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Nikita Semenistyi Ex-CTO 16.04.2015

How to handle HTTP codes in Express like a pro

Building web applications often means building single page application on the client-side with the use of a JavaScript framework of choice backed by some sort of API on the server, the most popular variant is RESTful service. It brought extreme popularity to the HTTP interface, especially status codes.

In fact, before web services gained popularity programmers used to serve ready web pages to the user. It means that HTTP status codes used were 200 for normally served page, 404 for not found page and one code no developer would want to see - 500. Probably that was making creators of HTTP very sad as they’ve prepared a lot of possible codes. You can find the list of them split into categories here.

The wide adoption of REST API changed everything. It defines certain codes that should be used along with different CRUD operations. So for example, code 201 is used after the successful creation of a resource, though in other cases of success code 200 is usually used. This made using status codes a bit more complicated as they should be specified explicitly every time an action is performed to a resource. This led to such kind of code in Express apps:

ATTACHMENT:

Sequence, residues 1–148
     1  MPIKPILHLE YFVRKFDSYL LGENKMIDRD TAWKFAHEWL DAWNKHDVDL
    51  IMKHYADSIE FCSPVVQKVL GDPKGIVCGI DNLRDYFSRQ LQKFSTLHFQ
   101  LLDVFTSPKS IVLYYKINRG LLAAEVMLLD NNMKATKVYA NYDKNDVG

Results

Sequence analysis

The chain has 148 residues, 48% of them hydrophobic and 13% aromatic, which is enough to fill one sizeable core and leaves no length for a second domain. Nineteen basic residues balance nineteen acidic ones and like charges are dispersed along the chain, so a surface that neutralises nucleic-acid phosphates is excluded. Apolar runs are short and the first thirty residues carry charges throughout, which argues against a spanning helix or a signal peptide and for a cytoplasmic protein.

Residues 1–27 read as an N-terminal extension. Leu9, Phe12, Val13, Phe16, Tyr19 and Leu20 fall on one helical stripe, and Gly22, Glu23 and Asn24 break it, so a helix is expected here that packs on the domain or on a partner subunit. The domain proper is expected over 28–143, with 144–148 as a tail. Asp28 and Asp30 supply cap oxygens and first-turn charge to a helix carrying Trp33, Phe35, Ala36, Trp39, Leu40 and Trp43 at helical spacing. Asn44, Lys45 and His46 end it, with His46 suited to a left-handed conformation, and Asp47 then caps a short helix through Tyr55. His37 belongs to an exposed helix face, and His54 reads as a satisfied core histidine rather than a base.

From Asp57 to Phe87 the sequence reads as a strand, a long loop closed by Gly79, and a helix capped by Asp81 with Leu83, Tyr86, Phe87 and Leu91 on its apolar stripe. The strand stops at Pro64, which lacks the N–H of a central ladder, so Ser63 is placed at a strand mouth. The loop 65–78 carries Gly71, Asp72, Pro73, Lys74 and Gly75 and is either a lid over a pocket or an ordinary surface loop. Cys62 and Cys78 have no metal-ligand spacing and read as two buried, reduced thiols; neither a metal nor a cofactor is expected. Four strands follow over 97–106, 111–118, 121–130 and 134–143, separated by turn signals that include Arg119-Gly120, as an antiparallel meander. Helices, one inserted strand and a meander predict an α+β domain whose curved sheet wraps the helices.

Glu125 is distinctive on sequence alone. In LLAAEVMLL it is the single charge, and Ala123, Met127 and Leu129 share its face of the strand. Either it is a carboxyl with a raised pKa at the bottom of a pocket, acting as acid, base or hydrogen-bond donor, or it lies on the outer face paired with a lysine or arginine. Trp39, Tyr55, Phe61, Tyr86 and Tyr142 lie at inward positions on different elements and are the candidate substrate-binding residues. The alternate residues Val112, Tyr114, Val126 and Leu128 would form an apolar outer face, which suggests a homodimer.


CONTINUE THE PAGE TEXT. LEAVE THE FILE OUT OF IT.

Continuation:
One might say that this is a shortcoming of the Express framework and you must use a more sophisticated framework instead. The thought might be natural, but having worked with various turnkey frameworks like Sails, Loopback or Feathers, I would choose Express without doubts. It keeps on proving that simplicity is the most desirable characteristic of software.

That’s why I decided to create a module that will handle setting HTTP codes in Express - express-api-response. The module is implementing the express middleware interface, which means that it can be used in HTTP request handling pipeline. The only thing you should do is attach data you want to submit and error if any to the response object and pass control further to EAR. It will send stringified JSON if present along with a suitable HTTP code. Here is the code from the previous example refactored utilizing EAR:

After we finish executing our asynchronous code, we call the next function which passes control to apiResponse function declared elsewhere in advance in the code:

Here is the table representing HTTP codes which EAR will choose depending on error and data presence:


If you want to customize a code sent to a user you may specify it on the res object:

Another option that may be applied is res.shouldNotHaveData. If it is truthy, then EAR will not consider absence of data as failure and will respond with success status.

Despite the fact that the EAR module is simple in creating, understanding and using, it nicely facilitates the work with web services and I am using it in all my express projects.